The Cardboard Principle
When it comes to ecological packaging, one quickly thinks of cardboard as a material; brown, matt cardboard in particular is associated by many with organic, eco or sustainable. In the wine sector, too, there is packaging that works with cardboard (and a little plastic).
Relatively well-known and already established on the market is the Bag-InBox (BiB) principle, where the wine is sold in a carton whose interior is lined with a thin PET tube that draws a vacuum when wine is removed from the container via a plastic tap, thus preventing oxidation. Wines in BiB thus remain stable even after opening and can be drunk over a longer period of time.
Mostly, simpler wines are sold in these containers, but now leading companies like Bibovino (France) or The BIB Wine Company (Great Britain) are venturing into the topic of premium wines in BiB.
Frugal Bottle: 84% Less Emissions
The "Frugal Bottle" from the company Frugal Pac has been on the market since 2020. It combines the principle of the BiB (cardboard outside, thin PET inside) with the shape of a classic Bordeaux bottle. The company promises a reduction in CO₂ emissions of up to 84% compared to a conventional glass bottle. In addition, the emissions are one third lower than with a pure PET bottle. This is based on studies by the certification company Intertek.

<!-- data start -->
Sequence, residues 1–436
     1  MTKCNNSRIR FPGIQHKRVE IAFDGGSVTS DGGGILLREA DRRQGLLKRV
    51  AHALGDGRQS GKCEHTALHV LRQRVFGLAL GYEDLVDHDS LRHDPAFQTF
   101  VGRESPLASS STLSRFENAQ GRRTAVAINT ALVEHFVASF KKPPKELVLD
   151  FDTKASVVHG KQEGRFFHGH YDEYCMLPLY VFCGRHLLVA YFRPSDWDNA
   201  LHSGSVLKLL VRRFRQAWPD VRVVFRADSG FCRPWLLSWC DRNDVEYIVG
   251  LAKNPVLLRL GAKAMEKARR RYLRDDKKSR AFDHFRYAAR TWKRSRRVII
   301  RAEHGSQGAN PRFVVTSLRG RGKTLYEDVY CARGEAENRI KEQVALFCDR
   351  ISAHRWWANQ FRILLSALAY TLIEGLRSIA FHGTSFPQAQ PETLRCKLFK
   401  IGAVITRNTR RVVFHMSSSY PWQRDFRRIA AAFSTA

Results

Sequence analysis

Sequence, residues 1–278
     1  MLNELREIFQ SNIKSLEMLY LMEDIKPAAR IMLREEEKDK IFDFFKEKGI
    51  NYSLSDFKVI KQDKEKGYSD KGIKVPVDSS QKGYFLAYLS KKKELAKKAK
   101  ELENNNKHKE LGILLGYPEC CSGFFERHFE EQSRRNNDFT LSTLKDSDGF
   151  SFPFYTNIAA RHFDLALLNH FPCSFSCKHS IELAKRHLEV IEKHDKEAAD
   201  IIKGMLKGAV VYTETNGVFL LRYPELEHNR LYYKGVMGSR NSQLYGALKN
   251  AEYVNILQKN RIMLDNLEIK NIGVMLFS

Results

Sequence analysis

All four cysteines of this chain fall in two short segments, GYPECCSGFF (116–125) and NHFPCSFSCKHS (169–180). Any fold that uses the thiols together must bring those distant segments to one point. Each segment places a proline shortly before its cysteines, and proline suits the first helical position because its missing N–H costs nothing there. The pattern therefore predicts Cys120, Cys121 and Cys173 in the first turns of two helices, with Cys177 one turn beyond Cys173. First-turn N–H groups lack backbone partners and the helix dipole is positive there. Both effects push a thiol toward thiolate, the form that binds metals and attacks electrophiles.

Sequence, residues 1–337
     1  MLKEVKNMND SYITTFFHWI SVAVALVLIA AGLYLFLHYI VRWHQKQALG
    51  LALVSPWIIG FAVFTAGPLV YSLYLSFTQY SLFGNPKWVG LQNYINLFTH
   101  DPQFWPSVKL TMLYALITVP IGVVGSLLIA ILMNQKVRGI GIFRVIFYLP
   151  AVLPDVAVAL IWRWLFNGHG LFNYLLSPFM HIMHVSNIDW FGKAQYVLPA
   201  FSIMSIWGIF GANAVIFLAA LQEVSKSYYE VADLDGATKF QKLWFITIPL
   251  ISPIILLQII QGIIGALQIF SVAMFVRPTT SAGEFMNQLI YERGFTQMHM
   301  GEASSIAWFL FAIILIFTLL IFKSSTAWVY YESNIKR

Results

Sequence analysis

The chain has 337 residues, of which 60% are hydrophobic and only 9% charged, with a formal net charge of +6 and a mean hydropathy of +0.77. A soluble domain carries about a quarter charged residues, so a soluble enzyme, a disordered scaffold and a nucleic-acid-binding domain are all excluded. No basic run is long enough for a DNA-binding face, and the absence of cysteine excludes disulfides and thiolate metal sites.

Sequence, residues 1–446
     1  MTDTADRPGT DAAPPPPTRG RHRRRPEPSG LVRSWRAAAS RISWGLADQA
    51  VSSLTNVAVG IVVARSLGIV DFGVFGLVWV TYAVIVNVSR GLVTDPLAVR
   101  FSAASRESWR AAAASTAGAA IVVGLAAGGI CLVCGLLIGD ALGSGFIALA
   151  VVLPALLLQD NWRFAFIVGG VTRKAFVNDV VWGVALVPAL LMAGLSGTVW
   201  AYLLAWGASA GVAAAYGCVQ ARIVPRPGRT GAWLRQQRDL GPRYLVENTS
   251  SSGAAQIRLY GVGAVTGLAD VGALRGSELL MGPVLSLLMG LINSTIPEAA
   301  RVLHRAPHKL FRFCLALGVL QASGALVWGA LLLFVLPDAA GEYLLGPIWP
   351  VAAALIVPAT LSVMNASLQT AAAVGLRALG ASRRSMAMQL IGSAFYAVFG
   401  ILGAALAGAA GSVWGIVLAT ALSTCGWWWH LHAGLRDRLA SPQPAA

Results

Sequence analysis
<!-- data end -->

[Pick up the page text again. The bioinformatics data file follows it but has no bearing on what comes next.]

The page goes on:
The bottle consists of 94% recycled cardboard, currently mainly from Germany, and only 6% plastic (inlay bag and spout/lid) - according to the company 100% recycled PET. The weight is given as 83 g/bottle. Since the two materials, cardboard and plastic, have to be disposed of separately in order to enter the correct recycling cycle, the company has illustrated a three-step guide to the correct separation of the two materials on its website. Frugal Pac does not see much danger from carelessly discarded packaging either, as they believe consumers are responsible enough.
Wine in the "Frugal Bottle" remains stable in terms of taste and gas exchange for at least 12 months, according to test studies. Cantina Goccia from Umbria was the first winery to try out the bottles; in the meantime, other producers and brands have joined, also from the spirits industry.